The Greater Seattle Business Association (GSBA), the largest LGBT Chamber in North America, runs the SEWgsba (Seattle Entrepreneurial Women) program, among many others. Louise Chernin, President and CEO of GSBA says they organized the group “because women business owners often are more isolated, have less access to capital, may have more responsibility for family, and are still addressing the many areas in which women still do not have economic parity.” SEWgsba responds to many aspects of contemporary entrepreneurship specific to its community, like the enormous growth of Seattle and its consequences for small businesses—rising commercial rents, changing city policies around minimum wage, paid sick leave, and more. With the SEWgsba team on their side, members feel supported by each other and by the chamber.

Modeling isn’t just for runways

A particular benefit of “women in business” groups is that they are a forceful tool to combat the lack of representation in everything from stock photos to government to the film industry. Everyone looks to see themselves reflected in their culture. Sometimes the best place to find it is by creating a group of your peers.

For Seattle’s Erin Lynch, Social Media Lead at Deloitte Digital, groups for women in business, created by and for peers, offer foundational insights into her career and its trajectory. “The [groups] that have been the most valuable to me are not the ones organized by businesses where I have worked,” she explains, “but rather the ones organized by employees themselves. We have several groups that spun out of the ‘official’ women-in-tech groups. We share articles, our real feelings about said articles, discuss what happens to us at conferences and how we handle it.”

Indie media makers also see that women are hungry for inspiration and advice from other women forging their own paths. It’s evident in new publications like one coming out this fall by longtime, popular blogger Grace Bonney of Design*Sponge. Like many digital and in-person groups for women, the book In the Company of Women: Inspiration and Advice from over 100 Makers, Artists, and Entrepreneurs is designed to inspire professional women. In the Company of Women is a collection of interviews and images about success as experienced by Bonney’s own cohort of 100 women.

Get involved, get ahead

black women business ownersFrom looking for inspiration on the web and in books, to jumping in feet first, networking empowerment comes in many forms. It can be very informal—Slack channels, closed social media groups—to very formal, like organizations for women cultivated within Fortune 100 companies.

While some are concerned that women-only groups may be just another silo, a way to placate women professionals without educating or creating mandates within male-dominated company leadership, all of the women we spoke with found value in these groups. Tt doesn’t look like this trend is going anywhere.

Professional networking groups can help you understand and take advantage of the value of your network, as well as provide resources, information, and inspiration. You may see yourself in others with whom you have goals in common. You may develop more aspirations with support of camaraderie to overcome frustrations about everything from poor childcare provisions to institutional bias. Groups can be there for you to vent your frustrations and share defeats as well as triumphs in your business. Women in business networking groups can be a lifeline to mentorship, meaningful relationships, and success.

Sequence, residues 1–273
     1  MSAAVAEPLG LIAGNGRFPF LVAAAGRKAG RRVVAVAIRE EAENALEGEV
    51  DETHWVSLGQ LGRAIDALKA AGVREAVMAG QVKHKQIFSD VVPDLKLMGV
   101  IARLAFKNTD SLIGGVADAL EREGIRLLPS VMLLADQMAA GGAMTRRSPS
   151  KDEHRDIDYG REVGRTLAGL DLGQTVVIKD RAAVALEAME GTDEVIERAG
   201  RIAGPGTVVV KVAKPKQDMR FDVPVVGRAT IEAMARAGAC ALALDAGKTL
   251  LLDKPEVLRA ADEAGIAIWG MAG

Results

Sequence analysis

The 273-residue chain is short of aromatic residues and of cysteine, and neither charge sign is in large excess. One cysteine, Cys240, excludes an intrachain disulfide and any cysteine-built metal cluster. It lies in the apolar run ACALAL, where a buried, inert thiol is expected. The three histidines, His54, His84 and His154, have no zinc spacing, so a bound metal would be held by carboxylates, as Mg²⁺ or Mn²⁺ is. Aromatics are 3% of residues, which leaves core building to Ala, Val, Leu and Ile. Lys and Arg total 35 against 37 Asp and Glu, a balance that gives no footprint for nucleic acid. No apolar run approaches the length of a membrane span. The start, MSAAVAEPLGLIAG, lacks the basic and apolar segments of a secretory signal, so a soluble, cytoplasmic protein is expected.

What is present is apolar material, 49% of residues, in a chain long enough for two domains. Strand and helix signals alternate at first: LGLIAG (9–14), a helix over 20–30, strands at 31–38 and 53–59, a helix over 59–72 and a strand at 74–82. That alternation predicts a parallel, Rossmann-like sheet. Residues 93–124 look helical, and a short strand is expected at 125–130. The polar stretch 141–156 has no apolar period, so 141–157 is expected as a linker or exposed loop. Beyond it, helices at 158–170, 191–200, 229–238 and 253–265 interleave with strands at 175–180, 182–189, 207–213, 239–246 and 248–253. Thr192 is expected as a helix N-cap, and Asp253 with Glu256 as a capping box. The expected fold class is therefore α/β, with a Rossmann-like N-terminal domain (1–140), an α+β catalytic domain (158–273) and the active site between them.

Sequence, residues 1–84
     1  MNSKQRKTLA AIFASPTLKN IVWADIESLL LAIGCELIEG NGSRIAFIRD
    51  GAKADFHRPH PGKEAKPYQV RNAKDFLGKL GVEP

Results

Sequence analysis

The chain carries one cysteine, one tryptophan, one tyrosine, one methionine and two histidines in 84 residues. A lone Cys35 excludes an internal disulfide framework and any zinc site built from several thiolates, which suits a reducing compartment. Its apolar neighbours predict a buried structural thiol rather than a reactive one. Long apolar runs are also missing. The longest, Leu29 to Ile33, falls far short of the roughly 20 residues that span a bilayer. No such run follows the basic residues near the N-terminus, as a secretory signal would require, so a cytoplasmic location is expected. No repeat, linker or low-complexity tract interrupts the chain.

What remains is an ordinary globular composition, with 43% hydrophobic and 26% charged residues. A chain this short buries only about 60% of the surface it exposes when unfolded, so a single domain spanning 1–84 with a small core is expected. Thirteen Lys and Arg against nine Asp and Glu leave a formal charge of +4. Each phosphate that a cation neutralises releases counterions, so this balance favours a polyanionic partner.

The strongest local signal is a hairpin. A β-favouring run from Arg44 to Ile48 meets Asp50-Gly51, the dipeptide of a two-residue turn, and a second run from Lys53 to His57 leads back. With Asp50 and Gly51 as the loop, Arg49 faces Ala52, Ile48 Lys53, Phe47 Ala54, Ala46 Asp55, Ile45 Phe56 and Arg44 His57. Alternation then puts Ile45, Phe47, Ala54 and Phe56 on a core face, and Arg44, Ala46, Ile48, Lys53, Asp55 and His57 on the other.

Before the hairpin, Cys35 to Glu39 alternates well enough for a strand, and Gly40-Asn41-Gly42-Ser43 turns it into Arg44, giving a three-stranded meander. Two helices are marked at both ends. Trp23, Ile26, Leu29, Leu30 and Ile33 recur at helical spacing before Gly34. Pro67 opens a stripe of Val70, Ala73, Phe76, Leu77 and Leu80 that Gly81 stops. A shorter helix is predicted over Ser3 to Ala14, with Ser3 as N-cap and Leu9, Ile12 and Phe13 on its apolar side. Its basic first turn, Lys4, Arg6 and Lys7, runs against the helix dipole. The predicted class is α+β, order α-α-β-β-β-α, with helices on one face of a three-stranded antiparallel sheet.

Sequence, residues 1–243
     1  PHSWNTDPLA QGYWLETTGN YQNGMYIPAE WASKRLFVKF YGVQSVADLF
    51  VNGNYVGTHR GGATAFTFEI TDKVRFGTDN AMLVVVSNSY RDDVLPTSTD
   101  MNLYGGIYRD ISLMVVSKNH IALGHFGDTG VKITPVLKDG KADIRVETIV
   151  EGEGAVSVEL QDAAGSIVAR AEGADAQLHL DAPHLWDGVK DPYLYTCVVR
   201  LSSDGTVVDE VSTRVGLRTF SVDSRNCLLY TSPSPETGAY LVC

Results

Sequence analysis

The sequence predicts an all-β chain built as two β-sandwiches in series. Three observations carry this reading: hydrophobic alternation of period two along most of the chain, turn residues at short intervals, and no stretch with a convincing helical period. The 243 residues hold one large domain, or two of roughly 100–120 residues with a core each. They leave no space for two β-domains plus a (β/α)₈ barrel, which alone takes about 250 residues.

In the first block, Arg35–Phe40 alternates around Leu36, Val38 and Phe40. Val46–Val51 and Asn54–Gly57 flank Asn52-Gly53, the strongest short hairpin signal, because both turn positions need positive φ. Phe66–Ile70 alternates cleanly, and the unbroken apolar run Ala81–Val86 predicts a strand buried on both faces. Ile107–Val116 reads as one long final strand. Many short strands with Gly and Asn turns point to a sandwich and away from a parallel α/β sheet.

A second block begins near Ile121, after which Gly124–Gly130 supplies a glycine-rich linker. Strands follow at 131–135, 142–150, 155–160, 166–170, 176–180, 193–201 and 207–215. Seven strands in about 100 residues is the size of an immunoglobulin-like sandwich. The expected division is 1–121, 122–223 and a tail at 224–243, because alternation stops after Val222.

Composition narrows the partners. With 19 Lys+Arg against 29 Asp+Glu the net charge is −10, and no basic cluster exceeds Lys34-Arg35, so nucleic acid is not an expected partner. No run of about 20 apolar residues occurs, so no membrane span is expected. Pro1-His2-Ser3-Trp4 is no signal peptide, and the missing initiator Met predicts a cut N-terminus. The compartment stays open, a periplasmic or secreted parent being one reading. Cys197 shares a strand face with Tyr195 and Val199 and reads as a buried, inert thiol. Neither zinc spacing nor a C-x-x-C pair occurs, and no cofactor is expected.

These organizations also offer an end to professional isolation for women entrepreneurs. These networks can be the basis of connections, support, and mentorship, helping women navigate the complexities of their careers. Professional women’s groups reflect driven and innovative women back to themselves, amplifying their ambitions and the scope of their successes. All these are significant and meaningful, if not entirely measurable, returns on women’s investments in a group.

Townsquared is proud to help foster groups like these, however formal or informal. The group of women who attended our San Francisco workshop on “Empowering Women in Business” in August, for example, created an informal networking and support group. In Seattle, some Townsquared members recently organized a morning inspirational group that meets rotates meeting at each woman’s business. Regardless of your business’s location, you can check out the National Association for Women Business Owners (NAWBO), which has regional chapters and provides numerous resources with membership.

The women in these groups have taken the initiative, as all successful small business owners do, to create a space in which they can get the support they need, ask business leaders questions, and inspire each other.

If you’re located in Seattle, and interested in joining the new morning group, check with your local community manager, Melissa Peterman, about the meeting! Townsquared Seattle provides coffee, pastries, AND a quick, inspirational way to start your day. The group highlights women and their businesses with a short presentation on topics like “how I got here” or “what I learned,” followed by networking, leaving plenty of time for the members to get to work, opening their shops, studios, and offices.

Not in Seattle?  Start an informal digital channel or group in your community, and keep on shattering that glass ceiling until it’s gone!